Monthly Archives: September 2013

Adventures in Writing…learning to write

Learning to write…
I’ve seen this discussion a few times and read all sorts of comments from the ‘experts’ and sometimes, as I sit here and digest what has been said, I experience a kind of panic. Because, I don’t fit in to any of the accepted norms. But then, I never have!
I’ve always been something of a rebel, a trait of mine which has got me into a lot of trouble in the past, especially at school. So, forgive me if my non-conformity ruffles feathers.
I’ve never been to any form of creative writing class, or ‘boot-camp’ (God I hate that expression and it immediately puts me off) nor have I read books on ‘how-to’ write. Well, let me qualify that statement. I’ve never read any of the plethora of modern books about ‘how to’, so many cropping up nowadays that you would need a life time to get through them all. But there was one. When I was fourteen and the writing bug really began to grip me, I did pick up a copy of ‘Teach Yourself How to Write’. I still have it, but I’ve only ever skimmed through it. I remember the most powerful lesson spoke about beginnings, those important few lines that need to grab the reader’s attention and draw them into the story. They gave some examples, and of course they are very famous indeed. The opening line to Heller’s ‘Catch-22’ was one of those examples. Read it and you’ll see. It does the trick fabulously. But it’s not just beginnings is it.
They – by ‘they’, I mean the ‘experts’ – talk about the Three-Part novel. Well, I haven’t got a clue what that means. I don’t have much of a clue about any of the jargon to be honest. I hate jargon and buzz-words and all that flannel. I’m a teacher, and I absolutely HATE (note capital letters here, for true emphasis) the associated jargon connected with education. First it was POS and SOW, now it’s AP and CPD and any number of other acronyms that we’re all supposed to know and use with informed regularity. I don’t have a clue. And please, don’t get me started on ‘Targets’…Grrr….Let me out of here!
But then, I’m a rebel.
Perhaps I deliberately block it all from entering my brain. But I do feel that the business world has encroached upon us all, the movers and shakers (ah, such a wonderful phrase that one!) moulding us, telling us what we need to do to acquire success. Acquire success…Note, no hint of artistry or craftsmanship. It’s all about profits and percentage shares and everything I hate about this world in which we live. I want to be Monet, not Alan Sugar!
Well, those books and seminars and talks and posts in Linked-In may be okay for making money, but in teaching we deal with human beings, and they have weaknesses and flaws, greatness and genius. Everyone is different. And in writing, I believe, it should be the desire – the absolute need – to create stories which should be our prime motivator. Creativity, not profit.
That is why I hate all this marketing nonsense you get on all the social networks. The ‘Get Rich Quick’ way to be a novelist. If only it was so easy!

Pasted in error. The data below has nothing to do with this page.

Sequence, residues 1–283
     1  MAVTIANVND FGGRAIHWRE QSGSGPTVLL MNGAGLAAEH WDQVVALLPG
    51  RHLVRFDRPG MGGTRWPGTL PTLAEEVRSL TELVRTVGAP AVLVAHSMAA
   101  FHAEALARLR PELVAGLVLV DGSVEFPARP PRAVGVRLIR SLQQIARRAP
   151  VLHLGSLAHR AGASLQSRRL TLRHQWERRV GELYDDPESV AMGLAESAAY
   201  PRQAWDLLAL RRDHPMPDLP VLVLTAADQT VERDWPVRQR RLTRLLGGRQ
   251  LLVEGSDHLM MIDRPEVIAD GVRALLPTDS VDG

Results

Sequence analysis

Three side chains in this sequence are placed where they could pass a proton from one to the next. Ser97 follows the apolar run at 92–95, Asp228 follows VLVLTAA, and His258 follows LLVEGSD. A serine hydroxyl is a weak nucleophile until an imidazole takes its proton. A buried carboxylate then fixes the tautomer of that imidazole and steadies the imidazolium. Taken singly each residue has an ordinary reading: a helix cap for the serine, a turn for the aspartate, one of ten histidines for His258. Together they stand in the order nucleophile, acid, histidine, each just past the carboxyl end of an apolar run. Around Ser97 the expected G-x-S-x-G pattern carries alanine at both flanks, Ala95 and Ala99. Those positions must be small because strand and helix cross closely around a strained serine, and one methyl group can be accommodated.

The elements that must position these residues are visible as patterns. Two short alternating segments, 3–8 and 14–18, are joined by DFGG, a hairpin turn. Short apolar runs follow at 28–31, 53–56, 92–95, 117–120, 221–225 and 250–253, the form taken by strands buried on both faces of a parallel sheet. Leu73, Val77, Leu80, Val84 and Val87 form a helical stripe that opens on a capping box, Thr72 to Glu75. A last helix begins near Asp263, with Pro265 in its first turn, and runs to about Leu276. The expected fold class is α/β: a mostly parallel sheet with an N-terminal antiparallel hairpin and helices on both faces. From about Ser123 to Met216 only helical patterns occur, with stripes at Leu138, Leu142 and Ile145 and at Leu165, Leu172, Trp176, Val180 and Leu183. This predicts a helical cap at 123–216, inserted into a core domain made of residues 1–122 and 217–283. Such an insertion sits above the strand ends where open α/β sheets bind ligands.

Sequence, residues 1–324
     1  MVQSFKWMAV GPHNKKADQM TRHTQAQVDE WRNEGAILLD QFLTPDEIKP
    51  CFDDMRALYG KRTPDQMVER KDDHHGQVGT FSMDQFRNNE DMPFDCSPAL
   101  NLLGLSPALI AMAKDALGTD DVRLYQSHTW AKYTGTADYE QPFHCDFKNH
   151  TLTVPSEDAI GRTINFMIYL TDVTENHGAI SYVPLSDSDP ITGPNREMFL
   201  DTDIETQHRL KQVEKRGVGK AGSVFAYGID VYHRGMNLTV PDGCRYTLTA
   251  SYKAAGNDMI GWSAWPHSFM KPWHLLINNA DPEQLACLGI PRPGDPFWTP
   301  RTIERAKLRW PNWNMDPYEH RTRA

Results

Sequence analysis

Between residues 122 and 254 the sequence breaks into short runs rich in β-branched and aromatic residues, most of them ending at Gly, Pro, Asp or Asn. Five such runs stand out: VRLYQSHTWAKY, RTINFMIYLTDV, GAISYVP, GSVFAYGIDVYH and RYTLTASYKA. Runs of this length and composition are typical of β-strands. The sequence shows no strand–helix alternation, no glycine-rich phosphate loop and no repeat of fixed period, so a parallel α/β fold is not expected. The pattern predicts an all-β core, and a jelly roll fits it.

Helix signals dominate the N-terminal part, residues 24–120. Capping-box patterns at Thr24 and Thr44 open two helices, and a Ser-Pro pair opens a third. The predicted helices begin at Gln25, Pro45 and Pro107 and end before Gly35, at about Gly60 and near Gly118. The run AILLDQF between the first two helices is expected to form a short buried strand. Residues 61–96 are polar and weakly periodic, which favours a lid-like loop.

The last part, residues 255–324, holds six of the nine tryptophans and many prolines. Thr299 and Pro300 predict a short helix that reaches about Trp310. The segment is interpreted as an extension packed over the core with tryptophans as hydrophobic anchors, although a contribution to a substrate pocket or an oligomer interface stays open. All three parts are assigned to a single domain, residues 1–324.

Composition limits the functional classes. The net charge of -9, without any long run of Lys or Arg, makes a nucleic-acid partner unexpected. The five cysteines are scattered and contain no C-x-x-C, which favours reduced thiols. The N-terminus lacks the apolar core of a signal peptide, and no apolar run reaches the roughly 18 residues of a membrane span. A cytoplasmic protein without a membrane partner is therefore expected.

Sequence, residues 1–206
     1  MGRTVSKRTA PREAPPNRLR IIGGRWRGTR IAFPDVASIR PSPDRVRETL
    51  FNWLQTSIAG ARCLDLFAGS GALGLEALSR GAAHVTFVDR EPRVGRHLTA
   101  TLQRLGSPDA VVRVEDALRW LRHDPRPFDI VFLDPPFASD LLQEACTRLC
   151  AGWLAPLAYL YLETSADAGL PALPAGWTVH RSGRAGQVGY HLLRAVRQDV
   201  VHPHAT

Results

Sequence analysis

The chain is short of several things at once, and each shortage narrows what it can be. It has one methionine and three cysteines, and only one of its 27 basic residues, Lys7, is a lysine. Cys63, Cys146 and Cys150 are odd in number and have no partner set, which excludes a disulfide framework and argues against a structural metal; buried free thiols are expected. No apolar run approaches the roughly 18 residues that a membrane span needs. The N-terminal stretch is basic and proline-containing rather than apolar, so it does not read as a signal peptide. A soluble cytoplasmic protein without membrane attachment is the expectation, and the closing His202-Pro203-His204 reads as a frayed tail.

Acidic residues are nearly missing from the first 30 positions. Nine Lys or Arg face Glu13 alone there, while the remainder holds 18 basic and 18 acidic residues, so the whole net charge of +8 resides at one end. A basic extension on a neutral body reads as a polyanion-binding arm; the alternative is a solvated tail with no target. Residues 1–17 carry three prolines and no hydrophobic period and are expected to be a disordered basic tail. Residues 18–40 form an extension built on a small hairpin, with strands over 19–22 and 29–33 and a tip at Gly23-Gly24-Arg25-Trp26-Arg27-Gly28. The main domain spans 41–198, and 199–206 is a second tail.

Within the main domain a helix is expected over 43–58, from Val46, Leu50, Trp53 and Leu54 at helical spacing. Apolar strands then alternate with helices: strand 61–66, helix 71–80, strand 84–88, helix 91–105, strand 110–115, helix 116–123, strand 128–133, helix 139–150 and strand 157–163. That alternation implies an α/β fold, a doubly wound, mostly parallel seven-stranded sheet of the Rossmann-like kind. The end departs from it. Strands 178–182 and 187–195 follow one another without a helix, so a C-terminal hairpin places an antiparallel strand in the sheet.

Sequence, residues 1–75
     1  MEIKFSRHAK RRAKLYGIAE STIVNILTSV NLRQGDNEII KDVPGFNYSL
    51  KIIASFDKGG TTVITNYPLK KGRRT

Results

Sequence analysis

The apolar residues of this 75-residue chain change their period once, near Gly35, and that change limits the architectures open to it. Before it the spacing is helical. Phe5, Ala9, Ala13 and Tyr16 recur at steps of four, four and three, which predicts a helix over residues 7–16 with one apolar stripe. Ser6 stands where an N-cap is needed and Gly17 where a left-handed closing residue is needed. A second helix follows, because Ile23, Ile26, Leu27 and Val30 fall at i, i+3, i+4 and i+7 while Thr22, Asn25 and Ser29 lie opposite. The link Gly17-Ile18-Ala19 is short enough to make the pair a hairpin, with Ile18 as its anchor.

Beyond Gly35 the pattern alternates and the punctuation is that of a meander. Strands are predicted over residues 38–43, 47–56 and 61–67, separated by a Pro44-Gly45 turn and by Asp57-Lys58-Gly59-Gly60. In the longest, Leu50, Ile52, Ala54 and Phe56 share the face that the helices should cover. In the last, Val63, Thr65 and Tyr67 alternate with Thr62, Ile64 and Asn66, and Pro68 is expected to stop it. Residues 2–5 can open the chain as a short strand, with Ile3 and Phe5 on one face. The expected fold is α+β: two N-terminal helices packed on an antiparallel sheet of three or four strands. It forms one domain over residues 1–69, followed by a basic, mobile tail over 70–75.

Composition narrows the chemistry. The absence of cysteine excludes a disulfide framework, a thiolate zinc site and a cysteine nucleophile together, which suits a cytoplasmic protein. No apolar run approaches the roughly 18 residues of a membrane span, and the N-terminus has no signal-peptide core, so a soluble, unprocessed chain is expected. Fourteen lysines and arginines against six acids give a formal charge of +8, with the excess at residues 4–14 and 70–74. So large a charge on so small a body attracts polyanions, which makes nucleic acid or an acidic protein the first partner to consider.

So, no training, no teaching, no wise mentor patting me on the head or waggling their finger, ‘tut, tut, Stuart, you’ve used far too many commas there!’ No, I learned to write by doing TWO things. All right, three (cut-to Monty Python’s ‘Spanish Inquisition’ sketch).
One, I read. I read a lot. And nowadays I don’t just read for entertainment. In fact, truth be told, I’ve been reading and learning about the structure of novels since I was about eleven years of age. Back then I read everything I could get my hands on by Agatha Christie, C.S.Forrester, Ian Fleming and Sven Hassel and a host of others. I read Tolkein for sheer pleasure, but on my third reading I really began to look at the way he described the landscape and the characters, and today I can see echoes of him in George R.R.Martin’s epic stories. Nowadays I still continue to read for pleasure, and to learn. I am more critical now, and concentrate on sentence and paragraph structure, use of descriptive language, etc. And I often see the so-called ‘rules’ being broken, and that is so refreshing. It really is!
Two, of course – I write. The old adage ‘practise makes perfect’ is what it says. The more you do it, the better you get. I am now highly critical of what I do. I never used to be. I used to be impatient and rush through manuscripts as if my life depended on it. Now, I take my time, look at every sentence, and I use ‘Auto-Crit’ to help me identify repeated words and phrases. Over-use of words, and redundant phrases are always a minefield. We become so close, so intimate with our own words we miss the most silly of mistakes. Of course you should have someone read your work, and I do. Friends are okay, but they tend not to be objective. I know some writers use Beta-readers, but whatever method you use, someone else should look over your work. It may even be your publishers. But write. Write as often and as much as you can, and read back over what you have done and never be satisfied until you can actually ‘see’ it in your head. Read dialogue out loud too, to prevent it from becoming wooden. Natural reading/sounding dialogue is difficult. I was an actor, so I guess I have an inherent sense of dialogue, and that has helped me enormously.
Ah, and this is the third point. The point people may or may not like, I don’t know. I am an avid film watcher. I love films. All sorts, but mainly westerns, sci-fi , thrillers and horror. I might sometimes watch something cerebral too, or maybe even a comedy so long as it’s not some inane rubbish about dippy teenagers in a high-school. From great films I have developed a sense of pace and plot. The structure of a novel, the ebb and flow, the development of tension and motivation, it’s all there in films. Characterisation, conflict, and (here we go, wait for it) resolution. I write my books as if there were films, and I’m getting better at it. Once I simply used to write. Now, I look.
So, Read, write, look. And from all of those…LEARN.
I like to think I have learned. My latest books are much better than my earlier ones. Harlan Coben said much the same thing, and I remember him cringing in an interview when he heard the news his publishers were re-releasing his very first novel. I don’t think he was pleased because he knew that his writing is nowadays so much better than it was. And he did that by writing.